For instance, Public Health England launched a campaign telling smokers in the UK that vaping is not as harmful as smoking, while New Zealand government launched a website educating people on e-cigarettes and a campaign encouraging smokers to switch to vaping.
During the interview, Margolis also presented independent findings from some international health organisations which found that smoke-free products can significantly reduce health risks.
Recently, the US Food and Drug Administration confirmed that the Philip Morris “heat-not-burn” cigarettes were appropriate for the protection of public health and has authorised its sale in the United States.
Ban making little difference
Margolis said the nearly 11 million smokers in Thailand deserve a legitimate right to access these smoke-free products so we can make every day a “no-smoking day”.
He also pointed out that despite strict measures, the number of smokers has hardly changed – in 2015 it was 19.9 per cent, which dropped to just 19.1 per cent in 2017.
Under the National Tobacco Control Plan, Thailand aims to reduce the number of smokers to 16.7 per cent within this year.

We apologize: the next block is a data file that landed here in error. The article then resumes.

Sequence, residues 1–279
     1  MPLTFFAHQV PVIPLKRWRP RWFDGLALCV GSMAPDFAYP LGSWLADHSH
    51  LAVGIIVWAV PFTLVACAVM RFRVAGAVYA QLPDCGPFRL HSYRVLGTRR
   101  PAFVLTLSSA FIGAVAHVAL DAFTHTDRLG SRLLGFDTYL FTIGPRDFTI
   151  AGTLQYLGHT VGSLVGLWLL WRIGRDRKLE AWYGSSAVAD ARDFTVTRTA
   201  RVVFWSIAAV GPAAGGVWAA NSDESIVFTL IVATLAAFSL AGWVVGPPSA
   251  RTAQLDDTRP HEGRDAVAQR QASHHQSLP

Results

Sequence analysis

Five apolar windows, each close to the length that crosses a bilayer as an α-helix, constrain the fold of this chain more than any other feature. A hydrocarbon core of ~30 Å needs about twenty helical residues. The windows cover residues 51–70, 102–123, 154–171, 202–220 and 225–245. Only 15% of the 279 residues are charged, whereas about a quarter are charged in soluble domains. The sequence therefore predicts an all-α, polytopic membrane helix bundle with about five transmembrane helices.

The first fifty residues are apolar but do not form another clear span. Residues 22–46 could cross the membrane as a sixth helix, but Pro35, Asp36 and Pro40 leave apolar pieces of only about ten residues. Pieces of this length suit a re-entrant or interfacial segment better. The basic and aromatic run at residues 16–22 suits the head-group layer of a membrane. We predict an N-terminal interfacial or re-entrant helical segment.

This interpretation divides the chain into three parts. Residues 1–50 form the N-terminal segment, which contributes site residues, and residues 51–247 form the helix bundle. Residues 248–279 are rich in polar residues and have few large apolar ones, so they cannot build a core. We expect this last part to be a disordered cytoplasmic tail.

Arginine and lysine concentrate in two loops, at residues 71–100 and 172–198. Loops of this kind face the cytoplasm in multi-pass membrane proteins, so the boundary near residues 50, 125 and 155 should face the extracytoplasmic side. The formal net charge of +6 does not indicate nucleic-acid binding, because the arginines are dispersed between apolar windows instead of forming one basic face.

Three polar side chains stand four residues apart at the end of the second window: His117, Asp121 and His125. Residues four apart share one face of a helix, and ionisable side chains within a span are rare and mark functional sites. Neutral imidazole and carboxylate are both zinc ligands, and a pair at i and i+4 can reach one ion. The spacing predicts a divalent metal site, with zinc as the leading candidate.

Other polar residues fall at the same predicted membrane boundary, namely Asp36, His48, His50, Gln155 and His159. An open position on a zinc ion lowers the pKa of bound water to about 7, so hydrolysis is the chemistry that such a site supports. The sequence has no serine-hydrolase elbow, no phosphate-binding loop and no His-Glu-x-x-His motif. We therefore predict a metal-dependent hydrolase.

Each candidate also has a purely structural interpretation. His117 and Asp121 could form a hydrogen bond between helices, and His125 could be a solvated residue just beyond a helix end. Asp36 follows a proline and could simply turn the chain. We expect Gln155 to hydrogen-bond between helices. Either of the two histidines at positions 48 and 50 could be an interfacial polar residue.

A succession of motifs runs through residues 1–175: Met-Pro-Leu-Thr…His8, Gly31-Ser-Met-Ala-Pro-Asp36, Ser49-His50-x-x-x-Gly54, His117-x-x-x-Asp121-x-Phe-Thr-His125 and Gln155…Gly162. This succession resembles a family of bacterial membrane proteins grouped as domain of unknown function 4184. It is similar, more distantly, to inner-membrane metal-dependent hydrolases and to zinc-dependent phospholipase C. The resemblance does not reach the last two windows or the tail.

Margolis said he really hopes the new government will review its ban on e-cigarettes and other alternative products, citing new Public Health Minister Anutin Charnvirakul’s progressive election campaign to promote cannabis farming or a “cannabis liberalisation policy”.
“It would be very ironic if you can smoke marijuana, but smokers are given no access to other alternatives to cigarettes,” Margolis said.
Since 2008, Philip Morris has invested more than Bt1.8 trillion to develop smoke-free products
In a move towards lifting a ban on e-cigarettes and legalising it as a “controlled” instead of “banned” substance, the Commerce Ministry’s Department of Foreign Trade late last year tasked the Tobacco Control Research and Knowledge Management Centre with studying legal hurdles affecting the implementation of the ban.
Opponents, especially officials from the Public Health Ministry, insist that e-cigarettes remain prohibited, saying the devices are hazardous to health and could encourage young people to start smoking.
Margolis, however, defended this by saying cigarette alternatives were specifically designed for adult smokers, adding that the design, flavour and packaging are in no way attractive to youth, non-smokers or even former smokers.
Pre- and post-market studies on all of Philip Morris’s alternative cigarettes being sold in 48 countries also found that the youth are not attracted to these products.
He said a study conducted by a third party in Japan, where Philip Morris’s smoke-free products can be sold, showed that actual usage of the product by young people was less than 0.1 per cent.
“At Philip Morris, we are strongly against young people having access to any tobacco products, be it cigarettes or heat-not-burn cigarettes or e-cigarettes. Because of that, we advocate, obey and usually go beyond the wall in terms of marketing code. And for this new category, it’s no different,” he said.